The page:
RIP MoviePass 2011-2018

edited July 2018 in Movies
Any other soon to be former members?  How many movies did you see and what was your favorite?

17, Three Identical Strangers was my surprise favorite. 
picorock80

Comments

  • If you have an AMC theater nearby I highly recommend their A List membership.  20 bucks a month but you can see any movie in any format.  If your local theater has a "Dolby Cinema" those tickets are at least $17.00 a ticket so it damn near pays for itself in 1 movie.  It's clearly twice as expensive as Movie Pass but the convenience of purchasing tickets well ahead of time is more than worth it.  I saw 8 movies in the first month which equaled about $125 bucks worth of movies.  And no I don't work for AMC in any form, I just really enjoy their A List program and it's convenience. 
    anubus21MurderbearRyanReesemanjleav382
  • Also an A-List member, also highly recommend it. You have a limit of 3 movies per week, and you do ha e to keep your membership for at least 3 months, so just keep in mind that it’s a $60 commitment. 

    You can see the same movie however many times you want and you can see it in any format you want. For me, that’s absolutely worth $20 a month. It paid for itself in one Dolby Digital viewing of Mission Impossible. Any movie I see for the next month is free. 

    Plus, select theaters allow you to order and pay for your food ahead of time. They’ll put it on the counter with your name on the box and everything. You don’t even have to talk to another human if you don’t want to. 
    awookiee
  • HunkuleseHunkulese Québec, Canada
    edited July 2018
    I never understood why movie theatres didn't embrace MoviePass. MoviePass going under means less money going to movie theatres.
  • On the A List train now!
  • Doctor_NickDoctor_Nick Terminus
    edited August 2018
    Why lose control of their content by building a giant competitor?  They can do the same thing building their own program.

    It's the same reason Netflix used to have all kinds of outside content and then shifted to major original programming with a smattering of other content, the content distributors realized how much their stuff was worth.

    Hunkulese said:
    I never understood why movie theatres didn't embrace MoviePass. MoviePass going under means less money going to movie theatres.

  • edited August 2018
    Good video here on how MoviePass might have worked:

    The Shaky Economics Of MoviePass



  • HunkuleseHunkulese Québec, Canada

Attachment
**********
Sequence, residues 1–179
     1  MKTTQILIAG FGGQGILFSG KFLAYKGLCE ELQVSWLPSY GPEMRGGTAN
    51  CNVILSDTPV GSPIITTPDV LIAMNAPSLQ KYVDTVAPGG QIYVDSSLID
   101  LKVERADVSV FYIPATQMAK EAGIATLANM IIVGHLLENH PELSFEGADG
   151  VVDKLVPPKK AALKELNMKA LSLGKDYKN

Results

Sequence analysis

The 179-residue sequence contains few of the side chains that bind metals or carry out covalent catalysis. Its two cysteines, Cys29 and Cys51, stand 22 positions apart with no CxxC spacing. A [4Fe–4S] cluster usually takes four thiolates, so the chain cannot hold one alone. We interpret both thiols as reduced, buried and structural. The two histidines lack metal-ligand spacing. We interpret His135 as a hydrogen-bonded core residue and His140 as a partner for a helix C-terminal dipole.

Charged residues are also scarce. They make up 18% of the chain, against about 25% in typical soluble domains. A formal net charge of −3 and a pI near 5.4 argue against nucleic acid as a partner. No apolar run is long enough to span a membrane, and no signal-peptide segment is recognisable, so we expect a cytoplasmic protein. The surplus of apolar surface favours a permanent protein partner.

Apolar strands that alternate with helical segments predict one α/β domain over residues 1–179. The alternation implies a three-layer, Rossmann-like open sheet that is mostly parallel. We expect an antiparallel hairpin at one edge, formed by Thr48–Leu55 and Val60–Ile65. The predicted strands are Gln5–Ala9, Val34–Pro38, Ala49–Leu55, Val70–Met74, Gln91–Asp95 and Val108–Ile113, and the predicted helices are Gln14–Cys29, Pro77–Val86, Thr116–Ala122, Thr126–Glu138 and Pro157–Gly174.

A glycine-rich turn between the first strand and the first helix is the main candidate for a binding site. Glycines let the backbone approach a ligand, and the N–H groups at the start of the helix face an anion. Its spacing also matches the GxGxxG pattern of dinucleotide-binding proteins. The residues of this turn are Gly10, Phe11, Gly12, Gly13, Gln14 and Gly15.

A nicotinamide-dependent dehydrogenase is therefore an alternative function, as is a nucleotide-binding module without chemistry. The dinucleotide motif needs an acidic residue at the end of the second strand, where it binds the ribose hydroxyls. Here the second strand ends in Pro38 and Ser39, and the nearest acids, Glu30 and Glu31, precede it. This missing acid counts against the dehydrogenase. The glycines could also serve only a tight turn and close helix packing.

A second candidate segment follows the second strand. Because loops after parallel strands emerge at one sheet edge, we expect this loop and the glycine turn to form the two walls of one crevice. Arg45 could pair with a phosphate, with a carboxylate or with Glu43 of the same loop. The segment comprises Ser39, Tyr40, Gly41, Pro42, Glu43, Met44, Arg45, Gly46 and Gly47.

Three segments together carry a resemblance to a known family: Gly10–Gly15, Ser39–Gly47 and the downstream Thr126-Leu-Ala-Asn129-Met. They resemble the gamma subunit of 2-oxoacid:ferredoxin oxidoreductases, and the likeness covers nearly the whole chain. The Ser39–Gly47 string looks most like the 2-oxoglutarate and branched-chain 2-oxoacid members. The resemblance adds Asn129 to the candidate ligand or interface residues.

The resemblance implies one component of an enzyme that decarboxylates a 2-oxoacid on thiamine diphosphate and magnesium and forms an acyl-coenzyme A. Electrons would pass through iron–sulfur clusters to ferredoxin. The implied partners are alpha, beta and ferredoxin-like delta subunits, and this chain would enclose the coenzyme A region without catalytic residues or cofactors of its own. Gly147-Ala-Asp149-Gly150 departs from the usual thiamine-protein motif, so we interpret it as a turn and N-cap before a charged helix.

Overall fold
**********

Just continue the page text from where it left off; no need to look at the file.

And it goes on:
edited August 2018
    Why lose control of their content by building a giant competitor?  They can do the same thing building their own program.

    It's the same reason Netflix used to have all kinds of outside content and then shifted to major original programming with a smattering of other content, the content distributors realized how much their stuff was worth.

    Hunkulese said:
    I never understood why movie theatres didn't embrace MoviePass. MoviePass going under means less money going to movie theatres.

    They weren't competing with them. They were getting people to see more movies and MoviePass was paying the theatres full price for every ticket. Netflix isn't a good comparison because they weren't paying the studios full price every time someone watched a movie.

    The $20 AMC thing is a bit too much since the whole point of the subscription service is to get people to pay for it and not use it. $20 is probably a bit too much for people to keep paying for if they're not using it. AMC loses money when people are using the service multiple times a week compared to those same people going to AMC through MoviePass.
  • Doctor_NickDoctor_Nick Terminus
    edited August 2018
    In their venture capital unsustainable phase.  If they had really done well there would be a point where MoviePass would be negotiating with theaters about what flat rate MoviePass would be paying the theaters because everyone has gotten used to an all you can eat monthly fee instead of paying for individual movies.

    Hunkulese said:
    Why lose control of their content by building a giant competitor?  They can do the same thing building their own program.

    It's the same reason Netflix used to have all kinds of outside content and then shifted to major original programming with a smattering of other content, the content distributors realized how much their stuff was worth.

    Hunkulese said:
    I never understood why movie theatres didn't embrace MoviePass. MoviePass going under means less money going to movie theatres.

    They weren't competing with them. They were getting people to see more movies and MoviePass was paying the theatres full price for every ticket. Netflix isn't a good comparison because they weren't paying the studios full price every time someone watched a movie.


    Actually AMC isn't losing any money until they start turning away paying customers because AMC pass users are clogging up seats that would have otherwise been bought by said customer.  Especially if the AMC pass people buy concessions.

    EDIT:  And on a related topic, the theaters should really modulate the cost based on demand for time of movie.  Friday nights should be expensive, Wednesday 3pm should be your cheapie special.


    The $20 AMC thing is a bit too much since the whole point of the subscription service is to get people to pay for it and not use it. $20 is probably a bit too much for people to keep paying for if they're not using it. AMC loses money when people are using the service multiple times a week compared to those same people going to AMC through MoviePass.